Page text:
Jeff Turman Library-geek, lego-builder, data-visualizer.

Visualizing a hospital contact network

A dual network plot of hospital ward contact

The network plot above (best viewed in its own tab in a browser) was accomplished using the following:

Hospital ward contact network data

“This dataset contains the temporal network of contacts between patients, patients and health-care workers (HCWs) and among HCWs in a hospital ward in Lyon, France, from Monday, December 6, 2010 at 1:00 pm to Friday, December 10, 2010 at 2:00 pm. The study included 46 HCWs and 29 patients.”**

**P. Vanhems et al., Estimating Potential Infection Transmission Routes in Hospital Wards Using Wearable Proximity Sensors, PLoS ONE 8(9): e73970 (2013).

(This seems like good data to consider in the context of highly infectious diseases.)

This is a directed graph, with contact from one individual to another. The color of the edge indicates direction from the same colored node. The results were filtered down by degree range to emphasize the nodes with highest contact (degree).

Node size is based on betweenness centrality, indicating influential nodes for highest BC value. Color ranks the degree of edges to the node. Red is many, blue is few. Nodes have been filtered by degree range (>500). A Fruchterman-Reingold algorithm was used for layout with a large area and moderate gravity to show density of contact.

This chart shows the highest amount of contact between hospital workers and patients with lowest contact being on the outer edges of degree and BC values.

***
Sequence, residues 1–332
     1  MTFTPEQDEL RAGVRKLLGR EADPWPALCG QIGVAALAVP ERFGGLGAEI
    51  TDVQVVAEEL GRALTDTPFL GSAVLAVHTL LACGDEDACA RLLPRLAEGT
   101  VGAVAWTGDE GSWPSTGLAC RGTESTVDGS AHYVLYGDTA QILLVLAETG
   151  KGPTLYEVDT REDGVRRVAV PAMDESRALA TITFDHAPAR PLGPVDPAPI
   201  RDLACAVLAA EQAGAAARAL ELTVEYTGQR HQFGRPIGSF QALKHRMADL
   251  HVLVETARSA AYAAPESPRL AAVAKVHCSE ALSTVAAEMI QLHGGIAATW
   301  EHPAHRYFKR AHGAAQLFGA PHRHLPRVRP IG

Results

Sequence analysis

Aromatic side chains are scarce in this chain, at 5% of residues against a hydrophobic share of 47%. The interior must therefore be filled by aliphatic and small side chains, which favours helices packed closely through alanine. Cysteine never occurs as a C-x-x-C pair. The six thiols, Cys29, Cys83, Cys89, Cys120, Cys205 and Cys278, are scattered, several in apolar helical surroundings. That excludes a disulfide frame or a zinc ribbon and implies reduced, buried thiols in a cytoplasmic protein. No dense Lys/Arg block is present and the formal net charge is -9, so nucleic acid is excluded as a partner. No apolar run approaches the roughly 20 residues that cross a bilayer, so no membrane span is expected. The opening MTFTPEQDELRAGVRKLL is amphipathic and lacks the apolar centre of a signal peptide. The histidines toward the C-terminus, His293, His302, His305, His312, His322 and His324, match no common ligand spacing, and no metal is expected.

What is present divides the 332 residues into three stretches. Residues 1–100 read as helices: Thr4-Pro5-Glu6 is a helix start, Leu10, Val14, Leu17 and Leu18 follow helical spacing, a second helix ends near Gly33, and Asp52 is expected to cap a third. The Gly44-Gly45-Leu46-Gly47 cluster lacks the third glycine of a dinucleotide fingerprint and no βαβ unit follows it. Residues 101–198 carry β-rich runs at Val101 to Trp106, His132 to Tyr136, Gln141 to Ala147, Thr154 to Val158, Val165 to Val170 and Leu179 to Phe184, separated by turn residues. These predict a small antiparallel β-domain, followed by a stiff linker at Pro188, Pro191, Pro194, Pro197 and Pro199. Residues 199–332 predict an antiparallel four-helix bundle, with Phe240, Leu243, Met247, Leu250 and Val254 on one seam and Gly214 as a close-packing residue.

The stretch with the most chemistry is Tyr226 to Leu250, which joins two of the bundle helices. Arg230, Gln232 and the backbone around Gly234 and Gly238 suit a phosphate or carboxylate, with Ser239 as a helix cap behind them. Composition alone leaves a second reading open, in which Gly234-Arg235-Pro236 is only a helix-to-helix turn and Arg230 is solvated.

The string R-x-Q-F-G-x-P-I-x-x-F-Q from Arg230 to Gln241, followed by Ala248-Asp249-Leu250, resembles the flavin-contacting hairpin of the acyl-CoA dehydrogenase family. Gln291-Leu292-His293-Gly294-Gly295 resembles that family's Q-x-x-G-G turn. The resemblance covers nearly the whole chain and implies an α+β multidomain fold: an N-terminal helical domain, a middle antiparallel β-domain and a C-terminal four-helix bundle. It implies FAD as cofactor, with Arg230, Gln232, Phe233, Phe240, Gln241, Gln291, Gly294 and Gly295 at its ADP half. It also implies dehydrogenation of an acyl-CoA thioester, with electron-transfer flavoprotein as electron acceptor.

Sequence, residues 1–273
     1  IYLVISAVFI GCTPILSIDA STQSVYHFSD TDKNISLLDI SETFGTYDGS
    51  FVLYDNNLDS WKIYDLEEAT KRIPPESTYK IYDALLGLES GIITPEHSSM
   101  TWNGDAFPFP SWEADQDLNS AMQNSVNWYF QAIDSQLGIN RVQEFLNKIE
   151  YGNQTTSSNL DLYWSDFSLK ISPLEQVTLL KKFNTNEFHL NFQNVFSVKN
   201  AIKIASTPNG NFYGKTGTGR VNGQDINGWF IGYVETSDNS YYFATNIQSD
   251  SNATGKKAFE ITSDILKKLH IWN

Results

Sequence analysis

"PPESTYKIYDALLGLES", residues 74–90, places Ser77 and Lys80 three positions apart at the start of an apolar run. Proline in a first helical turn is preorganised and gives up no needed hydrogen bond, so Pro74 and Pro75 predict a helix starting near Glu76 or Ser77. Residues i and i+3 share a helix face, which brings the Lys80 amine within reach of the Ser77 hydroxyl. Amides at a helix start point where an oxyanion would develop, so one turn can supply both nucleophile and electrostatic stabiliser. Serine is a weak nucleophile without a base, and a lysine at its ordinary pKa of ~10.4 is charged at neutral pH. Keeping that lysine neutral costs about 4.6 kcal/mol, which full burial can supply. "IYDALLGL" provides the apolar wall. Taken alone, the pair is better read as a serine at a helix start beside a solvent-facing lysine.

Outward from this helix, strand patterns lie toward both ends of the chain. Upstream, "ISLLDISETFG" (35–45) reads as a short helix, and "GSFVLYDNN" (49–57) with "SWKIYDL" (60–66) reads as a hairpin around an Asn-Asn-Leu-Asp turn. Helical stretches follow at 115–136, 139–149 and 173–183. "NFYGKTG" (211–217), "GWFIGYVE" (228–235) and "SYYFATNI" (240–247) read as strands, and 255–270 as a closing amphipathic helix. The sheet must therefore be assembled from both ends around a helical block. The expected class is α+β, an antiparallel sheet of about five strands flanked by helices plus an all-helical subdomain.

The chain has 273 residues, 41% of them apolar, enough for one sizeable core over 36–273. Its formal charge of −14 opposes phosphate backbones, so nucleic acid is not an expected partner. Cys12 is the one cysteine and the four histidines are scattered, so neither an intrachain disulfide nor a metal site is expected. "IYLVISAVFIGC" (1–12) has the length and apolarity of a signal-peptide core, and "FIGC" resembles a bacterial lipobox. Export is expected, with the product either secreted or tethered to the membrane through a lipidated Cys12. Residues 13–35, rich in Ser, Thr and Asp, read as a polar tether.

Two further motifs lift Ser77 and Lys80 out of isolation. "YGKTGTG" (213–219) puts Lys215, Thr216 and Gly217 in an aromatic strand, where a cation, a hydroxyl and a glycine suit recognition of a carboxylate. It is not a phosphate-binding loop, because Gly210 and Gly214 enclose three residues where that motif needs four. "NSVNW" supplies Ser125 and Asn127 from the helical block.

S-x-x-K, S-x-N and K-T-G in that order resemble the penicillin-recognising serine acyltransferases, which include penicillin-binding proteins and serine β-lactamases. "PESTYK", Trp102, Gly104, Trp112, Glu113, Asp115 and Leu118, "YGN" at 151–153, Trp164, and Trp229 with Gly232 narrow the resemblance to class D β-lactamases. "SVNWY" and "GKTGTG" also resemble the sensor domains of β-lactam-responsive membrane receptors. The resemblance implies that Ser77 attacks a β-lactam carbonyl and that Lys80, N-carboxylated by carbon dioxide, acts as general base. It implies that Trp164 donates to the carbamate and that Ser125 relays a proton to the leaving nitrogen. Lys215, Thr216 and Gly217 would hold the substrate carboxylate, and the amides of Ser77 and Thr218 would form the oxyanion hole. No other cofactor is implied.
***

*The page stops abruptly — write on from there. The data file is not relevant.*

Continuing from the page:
I had a hard time finding the data-set and graphical tool combination that satisfied my requirements as I perceived them. I eventually settled on Gephi, an open-source tool. It works terribly on Linux, but okay on the Mac. Then I had to find a data-set that wouldn’t fry my poor MBA. Basically, I couldn’t use any “big” data. I had to find some medium data, whatever that would turn out to be. For a network (edge-list) plot, I found I couldn’t use anything with more than 20,000 records, or else my Mac would freeze for too long for me to actually finish the work under a deadline. Not surprisingly, it was hard to find a small, yet interesting, graph of data.

Learning with MOOCs - Part 1

(There are variables to taking a MOOC that I was concerned with before, things that have turned me off enough to get my money back for previous efforts wasted. Probably the biggest problem for past-me has been the lack of quality control over the syllabus. A course can be very long and in-depth, with practically no real access to support beyond reaching out to other students taking the course.)

Here are some pointers for those who dare try to fly while sporting the downy, stubby wings of knowledge:

  1. Don’t set your expectations too high. I.e. remember that this is an online class, with a lot of students who don’t speak the English language too well. Assignments may be graded highly by native language speakers, terribly by non-native speakers.

  2. Do what you can with the time you have, but don’t sweat making all the assignments the best. This goes back to the first point, but to clarify that the time to put into the assignments really only needs to satisfy the rubrics. There are no A’s, B’s, or F’s. Really, you can go back to a class if you didn’t pass and do it as many times as you want. The point is to learn, not to compete with the class.